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8 ways that the RIA business is achieving scale at breakneck speed

IPOs, venture capitalists, RIAs and big corporations are all spending heavily to make it easier for RIAs to become big business

Author Brooke Southall August 4, 2010 at 5:40 AM
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Craig Gordon is making sure that the Royal Bank of Canada gives RIAs all benefits of scale enjoyed by the company's staff brokers.

Craig Gordon

Bill Winterberg

Bill Winterberg

August 4, 2010 — 4:24 PM

Regarding the firm in event #8, unfortunately filing cabinets are not scalable. They only hold so much paper before the firm needs to buy another.

Capable document management systems enable innovative firms to scale their workflow and record management and earn a significant return on their investment. More filing cabinets mean more office space which means more overhead.

Bill @ <a href="http://fppad.com" rel="nofollow">FPPad.com</a>

Brooke Southall

Brooke Southall

August 4, 2010 — 7:22 PM


Good point and, as the author, I’m pleased that you read all the way down to point #8. I would definitely not want to debate a technology expert like you about whether filing-cabinet additions are a significant act of scaling up!

Still, in the sausage-factory atmosphere of growing a small business, we all make decisions that might not fit anyone’s textbook view of how best to grow. One step forward, two steps back. I included the filing cabinet detail in that spirit.

Any thoughts about how big a deal it would be to take a 10-year RIA and its paperwork and put it all into a doc management system? It sounds like scanning hell.


Bill Winterberg

Bill Winterberg

August 4, 2010 — 7:48 PM

Certainly there is a tremendous amount of labor involved in converting paper archives into digital documents and filing them in appropriate places.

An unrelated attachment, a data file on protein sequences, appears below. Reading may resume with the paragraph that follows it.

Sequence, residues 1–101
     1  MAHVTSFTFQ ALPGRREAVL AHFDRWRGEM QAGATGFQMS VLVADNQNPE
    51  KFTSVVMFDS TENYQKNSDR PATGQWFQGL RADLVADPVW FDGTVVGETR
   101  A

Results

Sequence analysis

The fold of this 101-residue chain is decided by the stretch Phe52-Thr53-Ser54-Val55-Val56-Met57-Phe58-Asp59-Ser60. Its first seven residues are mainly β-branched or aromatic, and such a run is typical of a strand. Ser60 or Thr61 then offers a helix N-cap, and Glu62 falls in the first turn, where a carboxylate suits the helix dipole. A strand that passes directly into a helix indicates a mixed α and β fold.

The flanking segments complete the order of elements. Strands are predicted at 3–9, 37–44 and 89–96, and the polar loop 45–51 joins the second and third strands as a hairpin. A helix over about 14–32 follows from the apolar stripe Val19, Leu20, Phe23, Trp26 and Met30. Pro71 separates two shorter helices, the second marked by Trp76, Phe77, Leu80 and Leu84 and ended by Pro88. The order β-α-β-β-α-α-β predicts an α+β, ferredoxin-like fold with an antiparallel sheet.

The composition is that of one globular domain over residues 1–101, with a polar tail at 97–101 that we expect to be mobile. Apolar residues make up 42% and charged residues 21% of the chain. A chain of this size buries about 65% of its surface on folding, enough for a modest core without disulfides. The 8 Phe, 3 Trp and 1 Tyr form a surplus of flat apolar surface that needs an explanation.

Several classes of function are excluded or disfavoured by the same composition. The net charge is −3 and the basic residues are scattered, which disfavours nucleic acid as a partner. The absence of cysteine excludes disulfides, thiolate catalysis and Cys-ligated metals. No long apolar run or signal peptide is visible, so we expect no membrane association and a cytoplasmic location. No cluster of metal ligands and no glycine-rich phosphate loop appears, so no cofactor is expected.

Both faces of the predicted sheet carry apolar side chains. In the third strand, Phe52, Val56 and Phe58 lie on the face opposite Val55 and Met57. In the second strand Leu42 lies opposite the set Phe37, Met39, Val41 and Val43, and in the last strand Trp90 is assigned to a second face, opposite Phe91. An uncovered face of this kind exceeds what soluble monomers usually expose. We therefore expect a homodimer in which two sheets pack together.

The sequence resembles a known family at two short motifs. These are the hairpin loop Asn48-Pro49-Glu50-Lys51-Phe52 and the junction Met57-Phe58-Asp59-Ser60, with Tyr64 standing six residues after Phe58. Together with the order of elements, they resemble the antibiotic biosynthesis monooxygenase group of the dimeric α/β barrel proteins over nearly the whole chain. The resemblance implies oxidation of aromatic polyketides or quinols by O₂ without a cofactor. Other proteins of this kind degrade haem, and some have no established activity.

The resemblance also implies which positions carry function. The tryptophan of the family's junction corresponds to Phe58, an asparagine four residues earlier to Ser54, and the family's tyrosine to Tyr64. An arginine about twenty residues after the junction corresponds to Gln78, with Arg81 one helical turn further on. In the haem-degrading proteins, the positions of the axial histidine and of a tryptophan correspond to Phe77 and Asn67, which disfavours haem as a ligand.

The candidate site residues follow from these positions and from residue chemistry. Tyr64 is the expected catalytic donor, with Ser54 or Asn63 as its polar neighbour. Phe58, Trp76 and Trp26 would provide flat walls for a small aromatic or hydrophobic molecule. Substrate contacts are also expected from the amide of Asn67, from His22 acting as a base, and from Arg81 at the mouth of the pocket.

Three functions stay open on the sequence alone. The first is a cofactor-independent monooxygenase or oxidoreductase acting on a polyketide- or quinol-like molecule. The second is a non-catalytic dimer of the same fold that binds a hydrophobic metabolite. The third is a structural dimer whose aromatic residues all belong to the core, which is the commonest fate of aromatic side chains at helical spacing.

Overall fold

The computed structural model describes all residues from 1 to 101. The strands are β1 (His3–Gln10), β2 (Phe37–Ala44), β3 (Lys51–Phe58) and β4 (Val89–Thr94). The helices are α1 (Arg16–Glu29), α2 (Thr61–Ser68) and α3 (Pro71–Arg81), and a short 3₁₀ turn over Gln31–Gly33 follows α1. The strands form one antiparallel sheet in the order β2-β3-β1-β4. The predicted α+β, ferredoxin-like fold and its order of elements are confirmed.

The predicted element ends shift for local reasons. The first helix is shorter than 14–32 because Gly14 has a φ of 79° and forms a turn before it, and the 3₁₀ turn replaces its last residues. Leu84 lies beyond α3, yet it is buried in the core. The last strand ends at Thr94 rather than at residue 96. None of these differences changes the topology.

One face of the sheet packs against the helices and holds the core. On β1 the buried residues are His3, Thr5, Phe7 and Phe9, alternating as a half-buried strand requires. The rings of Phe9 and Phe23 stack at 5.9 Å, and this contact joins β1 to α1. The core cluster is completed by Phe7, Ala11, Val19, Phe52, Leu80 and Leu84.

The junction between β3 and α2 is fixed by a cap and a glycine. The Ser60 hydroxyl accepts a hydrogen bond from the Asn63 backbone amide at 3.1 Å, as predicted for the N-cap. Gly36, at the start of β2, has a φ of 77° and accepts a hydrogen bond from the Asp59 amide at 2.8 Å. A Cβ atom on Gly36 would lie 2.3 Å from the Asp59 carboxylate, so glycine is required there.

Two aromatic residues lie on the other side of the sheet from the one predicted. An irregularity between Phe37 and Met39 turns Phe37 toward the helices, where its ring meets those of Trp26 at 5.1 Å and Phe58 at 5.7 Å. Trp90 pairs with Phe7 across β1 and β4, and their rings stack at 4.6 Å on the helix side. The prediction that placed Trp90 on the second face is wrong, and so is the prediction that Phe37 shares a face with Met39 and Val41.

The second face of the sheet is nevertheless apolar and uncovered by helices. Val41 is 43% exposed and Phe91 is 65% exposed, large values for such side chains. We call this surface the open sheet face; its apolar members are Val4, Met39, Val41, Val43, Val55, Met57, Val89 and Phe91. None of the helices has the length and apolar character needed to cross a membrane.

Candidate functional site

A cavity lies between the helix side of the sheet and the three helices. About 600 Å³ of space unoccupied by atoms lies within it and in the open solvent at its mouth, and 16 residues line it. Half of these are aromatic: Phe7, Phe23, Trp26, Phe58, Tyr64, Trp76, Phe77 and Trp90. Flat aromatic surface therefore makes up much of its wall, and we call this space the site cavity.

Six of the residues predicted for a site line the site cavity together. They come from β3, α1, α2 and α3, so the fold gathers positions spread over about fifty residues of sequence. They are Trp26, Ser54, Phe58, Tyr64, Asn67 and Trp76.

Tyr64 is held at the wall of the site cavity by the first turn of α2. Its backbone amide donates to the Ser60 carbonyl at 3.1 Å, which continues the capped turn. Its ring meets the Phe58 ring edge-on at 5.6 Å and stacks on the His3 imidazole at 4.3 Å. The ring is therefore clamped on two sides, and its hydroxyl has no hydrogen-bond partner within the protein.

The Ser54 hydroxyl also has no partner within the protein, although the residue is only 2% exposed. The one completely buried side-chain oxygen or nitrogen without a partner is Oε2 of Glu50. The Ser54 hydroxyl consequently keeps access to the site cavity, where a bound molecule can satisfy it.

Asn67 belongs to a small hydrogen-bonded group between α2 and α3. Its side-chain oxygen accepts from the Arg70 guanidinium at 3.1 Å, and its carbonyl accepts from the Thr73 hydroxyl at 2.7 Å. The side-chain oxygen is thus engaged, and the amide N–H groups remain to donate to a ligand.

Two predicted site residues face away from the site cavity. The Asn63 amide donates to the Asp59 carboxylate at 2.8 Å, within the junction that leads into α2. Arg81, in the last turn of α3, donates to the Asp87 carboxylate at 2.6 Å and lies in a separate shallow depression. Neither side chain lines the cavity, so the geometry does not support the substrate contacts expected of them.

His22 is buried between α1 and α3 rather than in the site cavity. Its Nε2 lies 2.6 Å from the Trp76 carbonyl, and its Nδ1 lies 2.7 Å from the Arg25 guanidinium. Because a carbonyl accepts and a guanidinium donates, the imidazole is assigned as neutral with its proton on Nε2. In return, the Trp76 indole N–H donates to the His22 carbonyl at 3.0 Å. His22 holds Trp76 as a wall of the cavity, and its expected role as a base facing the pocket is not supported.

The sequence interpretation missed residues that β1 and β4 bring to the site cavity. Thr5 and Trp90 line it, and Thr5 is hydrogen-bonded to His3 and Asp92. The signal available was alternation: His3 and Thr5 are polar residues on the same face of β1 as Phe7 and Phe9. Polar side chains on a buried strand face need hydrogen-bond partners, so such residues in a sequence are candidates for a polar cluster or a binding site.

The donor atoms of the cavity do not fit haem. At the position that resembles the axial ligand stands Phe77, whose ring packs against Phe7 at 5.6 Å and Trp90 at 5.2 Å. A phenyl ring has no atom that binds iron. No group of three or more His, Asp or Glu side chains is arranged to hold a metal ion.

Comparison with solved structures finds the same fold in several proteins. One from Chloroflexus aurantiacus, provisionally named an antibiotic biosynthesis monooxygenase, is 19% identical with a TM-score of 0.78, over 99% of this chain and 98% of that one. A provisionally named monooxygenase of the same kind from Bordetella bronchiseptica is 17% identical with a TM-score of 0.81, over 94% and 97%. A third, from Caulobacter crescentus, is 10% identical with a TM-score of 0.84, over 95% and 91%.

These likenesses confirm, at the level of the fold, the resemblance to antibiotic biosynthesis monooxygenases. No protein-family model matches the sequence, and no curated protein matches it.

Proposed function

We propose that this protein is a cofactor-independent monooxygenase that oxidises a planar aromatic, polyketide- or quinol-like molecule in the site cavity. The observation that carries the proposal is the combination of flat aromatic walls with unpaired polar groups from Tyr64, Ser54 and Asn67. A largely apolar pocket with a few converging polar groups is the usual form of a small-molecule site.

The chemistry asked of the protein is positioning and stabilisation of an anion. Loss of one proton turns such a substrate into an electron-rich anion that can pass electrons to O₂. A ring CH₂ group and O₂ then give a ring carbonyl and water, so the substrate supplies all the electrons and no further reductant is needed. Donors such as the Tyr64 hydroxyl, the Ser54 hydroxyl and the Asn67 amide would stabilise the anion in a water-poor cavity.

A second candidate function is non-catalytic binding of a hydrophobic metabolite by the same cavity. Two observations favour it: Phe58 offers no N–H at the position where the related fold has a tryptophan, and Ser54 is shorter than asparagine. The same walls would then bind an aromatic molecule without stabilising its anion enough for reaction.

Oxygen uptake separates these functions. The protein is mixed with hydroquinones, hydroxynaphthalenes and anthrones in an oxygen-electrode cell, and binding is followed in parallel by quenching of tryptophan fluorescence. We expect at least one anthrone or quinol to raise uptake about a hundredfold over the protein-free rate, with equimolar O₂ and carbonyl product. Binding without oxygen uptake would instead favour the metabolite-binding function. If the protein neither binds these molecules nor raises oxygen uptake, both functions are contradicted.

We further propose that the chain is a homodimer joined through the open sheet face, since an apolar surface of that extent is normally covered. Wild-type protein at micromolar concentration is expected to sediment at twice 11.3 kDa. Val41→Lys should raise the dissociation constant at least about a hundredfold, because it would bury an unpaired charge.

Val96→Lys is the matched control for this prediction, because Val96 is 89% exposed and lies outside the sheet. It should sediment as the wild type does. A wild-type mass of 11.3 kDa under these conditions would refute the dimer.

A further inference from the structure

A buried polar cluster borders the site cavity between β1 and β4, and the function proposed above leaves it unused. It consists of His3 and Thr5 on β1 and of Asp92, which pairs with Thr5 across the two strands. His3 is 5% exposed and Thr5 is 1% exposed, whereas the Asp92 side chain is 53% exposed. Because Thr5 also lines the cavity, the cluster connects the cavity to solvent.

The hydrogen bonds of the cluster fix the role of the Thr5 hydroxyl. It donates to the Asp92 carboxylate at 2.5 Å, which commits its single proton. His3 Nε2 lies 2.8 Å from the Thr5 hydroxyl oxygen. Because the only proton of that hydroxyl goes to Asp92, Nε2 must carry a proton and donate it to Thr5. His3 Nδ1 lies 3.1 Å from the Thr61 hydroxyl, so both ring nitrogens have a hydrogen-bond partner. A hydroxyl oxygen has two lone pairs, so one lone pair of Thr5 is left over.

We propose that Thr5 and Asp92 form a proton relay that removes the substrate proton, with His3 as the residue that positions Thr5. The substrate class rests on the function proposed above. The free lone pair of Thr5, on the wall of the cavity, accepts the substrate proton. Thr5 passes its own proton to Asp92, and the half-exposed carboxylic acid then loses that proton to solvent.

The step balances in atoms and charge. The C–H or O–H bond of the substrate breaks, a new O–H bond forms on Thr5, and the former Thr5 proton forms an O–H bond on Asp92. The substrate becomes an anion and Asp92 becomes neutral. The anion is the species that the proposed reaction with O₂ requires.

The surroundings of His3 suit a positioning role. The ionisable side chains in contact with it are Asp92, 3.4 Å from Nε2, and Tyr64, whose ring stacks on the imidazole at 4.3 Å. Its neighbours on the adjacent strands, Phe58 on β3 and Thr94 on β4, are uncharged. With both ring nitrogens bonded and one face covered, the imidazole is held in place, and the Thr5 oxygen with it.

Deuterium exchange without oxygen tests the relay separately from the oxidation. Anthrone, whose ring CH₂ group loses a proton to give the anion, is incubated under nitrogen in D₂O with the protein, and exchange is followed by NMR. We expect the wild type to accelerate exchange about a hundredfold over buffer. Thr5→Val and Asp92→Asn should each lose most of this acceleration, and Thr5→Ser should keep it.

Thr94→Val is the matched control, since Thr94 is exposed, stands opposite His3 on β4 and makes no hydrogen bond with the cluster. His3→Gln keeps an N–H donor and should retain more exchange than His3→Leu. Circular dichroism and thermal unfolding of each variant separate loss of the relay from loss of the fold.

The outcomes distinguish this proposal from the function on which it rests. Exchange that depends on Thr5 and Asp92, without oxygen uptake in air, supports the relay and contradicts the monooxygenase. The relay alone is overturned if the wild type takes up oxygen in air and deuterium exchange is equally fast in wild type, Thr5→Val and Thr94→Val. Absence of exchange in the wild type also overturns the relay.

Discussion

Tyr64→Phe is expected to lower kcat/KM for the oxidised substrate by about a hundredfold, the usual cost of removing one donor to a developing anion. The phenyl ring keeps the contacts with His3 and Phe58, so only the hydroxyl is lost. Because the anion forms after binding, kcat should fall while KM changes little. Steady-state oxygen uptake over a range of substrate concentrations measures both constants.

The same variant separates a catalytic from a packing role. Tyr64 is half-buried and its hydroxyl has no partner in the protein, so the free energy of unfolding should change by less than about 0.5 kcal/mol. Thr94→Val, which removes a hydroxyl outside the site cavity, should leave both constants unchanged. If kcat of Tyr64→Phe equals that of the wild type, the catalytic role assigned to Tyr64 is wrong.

But firms should’t feel compelled to digitize 10+ years of archives all at once. Instead, a “day-forward” approach can be used. That means all documents after a specific date, say 8/1/2010, are electronic, and all other legacy documents can be found in filing cabinets.

As legacy documents are accessed, they can then be digitized and added to the DMS as appropriate.

Andy Wang

Andy Wang

August 4, 2010 — 9:14 PM

Bill’s right, 'day-forward’ is certainly one of the most popular methods we see RIAs and financial services professionals implement their paperless office and document management pilot strategies. For Laserfiche’s customers we see that after ~9 months RIAs typically settle into two paths. Ones that have to interact often with old paperwork employ the service of a scanning bureau to scan in all the backlog, and the other continues with 'day-forward’. In either case, when an old record is needed it also gets scanned in. Of course, your own firm’s situation will dictate what you actually do as you embrace and get comfortable with the concept of information on demand.

It’s common for document management providers, or their resellers, to have relationships with local scanning bureaus that will scan, index, and input key metadata into template fields for a price. Content management suites such as Laserfiche can utilize comprehensive capture suits such as Quick Fields to automate a significant portion of the process.

While modernizing a 10 year old office isn’t my definition of fun, the rewards that come with it most definitely are. Less time looking for documents and more times doing what advisors does best.

Andy Wang

Joe Anthony

Joe Anthony

August 5, 2010 — 1:25 PM

Brooke, your piece leaves out an element of scalability strategy that might be key. The choice of firms to add advisors as partners or as affiliates could impact their long term achievement of scale. One might argue that having one Form ADV and financial incentives to work for the good of the firm (as opposed to more open arrangements that lend itself to poaching) is better than allowing an advisor to simply use your platform as a back-office. I’d also point out that if the firm doesn’t cultivate change/growth amongst their advisor base, no amount of technology or product access will help the advisor get more out of his/her practice.

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